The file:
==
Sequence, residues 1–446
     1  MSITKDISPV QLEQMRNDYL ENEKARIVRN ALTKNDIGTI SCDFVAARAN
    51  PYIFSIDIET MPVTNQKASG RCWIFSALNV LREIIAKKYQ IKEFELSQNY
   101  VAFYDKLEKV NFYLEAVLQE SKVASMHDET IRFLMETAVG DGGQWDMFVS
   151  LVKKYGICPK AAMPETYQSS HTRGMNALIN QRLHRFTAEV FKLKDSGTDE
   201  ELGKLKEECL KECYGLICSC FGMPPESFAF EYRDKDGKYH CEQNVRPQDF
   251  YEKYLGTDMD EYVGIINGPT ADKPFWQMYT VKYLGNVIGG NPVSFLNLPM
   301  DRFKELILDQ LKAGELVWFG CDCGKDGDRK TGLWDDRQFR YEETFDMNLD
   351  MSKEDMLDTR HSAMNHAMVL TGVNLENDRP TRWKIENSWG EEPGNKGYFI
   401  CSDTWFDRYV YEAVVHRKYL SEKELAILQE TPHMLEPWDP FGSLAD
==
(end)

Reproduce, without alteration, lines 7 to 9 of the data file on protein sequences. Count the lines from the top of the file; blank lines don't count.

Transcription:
   251  YEKYLGTDMD EYVGIINGPT ADKPFWQMYT VKYLGNVIGG NPVSFLNLPM
   301  DRFKELILDQ LKAGELVWFG CDCGKDGDRK TGLWDDRQFR YEETFDMNLD
   351  MSKEDMLDTR HSAMNHAMVL TGVNLENDRP TRWKIENSWG EEPGNKGYFI